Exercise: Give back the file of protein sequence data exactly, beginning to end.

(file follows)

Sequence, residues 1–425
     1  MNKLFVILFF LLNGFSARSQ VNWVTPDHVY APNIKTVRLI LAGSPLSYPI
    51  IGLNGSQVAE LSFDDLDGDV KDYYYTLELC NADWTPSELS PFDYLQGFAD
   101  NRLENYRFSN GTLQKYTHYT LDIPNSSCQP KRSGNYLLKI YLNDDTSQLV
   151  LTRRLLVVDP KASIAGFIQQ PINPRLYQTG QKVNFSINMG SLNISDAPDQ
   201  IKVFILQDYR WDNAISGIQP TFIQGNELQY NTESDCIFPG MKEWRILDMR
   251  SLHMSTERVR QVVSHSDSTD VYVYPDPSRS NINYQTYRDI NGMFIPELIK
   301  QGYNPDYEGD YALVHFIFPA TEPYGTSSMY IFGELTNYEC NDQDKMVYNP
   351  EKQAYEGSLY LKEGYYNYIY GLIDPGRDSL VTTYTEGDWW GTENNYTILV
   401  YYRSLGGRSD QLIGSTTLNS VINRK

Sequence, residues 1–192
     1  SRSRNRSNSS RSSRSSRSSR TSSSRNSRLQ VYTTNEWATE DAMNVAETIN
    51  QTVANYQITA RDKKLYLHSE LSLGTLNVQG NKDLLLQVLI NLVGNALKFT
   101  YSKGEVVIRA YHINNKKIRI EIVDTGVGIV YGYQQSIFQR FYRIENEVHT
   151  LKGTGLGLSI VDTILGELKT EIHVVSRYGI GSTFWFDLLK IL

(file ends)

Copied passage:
Sequence, residues 1–425
     1  MNKLFVILFF LLNGFSARSQ VNWVTPDHVY APNIKTVRLI LAGSPLSYPI
    51  IGLNGSQVAE LSFDDLDGDV KDYYYTLELC NADWTPSELS PFDYLQGFAD
   101  NRLENYRFSN GTLQKYTHYT LDIPNSSCQP KRSGNYLLKI YLNDDTSQLV
   151  LTRRLLVVDP KASIAGFIQQ PINPRLYQTG QKVNFSINMG SLNISDAPDQ
   201  IKVFILQDYR WDNAISGIQP TFIQGNELQY NTESDCIFPG MKEWRILDMR
   251  SLHMSTERVR QVVSHSDSTD VYVYPDPSRS NINYQTYRDI NGMFIPELIK
   301  QGYNPDYEGD YALVHFIFPA TEPYGTSSMY IFGELTNYEC NDQDKMVYNP
   351  EKQAYEGSLY LKEGYYNYIY GLIDPGRDSL VTTYTEGDWW GTENNYTILV
   401  YYRSLGGRSD QLIGSTTLNS VINRK

Sequence, residues 1–192
     1  SRSRNRSNSS RSSRSSRSSR TSSSRNSRLQ VYTTNEWATE DAMNVAETIN
    51  QTVANYQITA RDKKLYLHSE LSLGTLNVQG NKDLLLQVLI NLVGNALKFT
   101  YSKGEVVIRA YHINNKKIRI EIVDTGVGIV YGYQQSIFQR FYRIENEVHT
   151  LKGTGLGLSI VDTILGELKT EIHVVSRYGI GSTFWFDLLK IL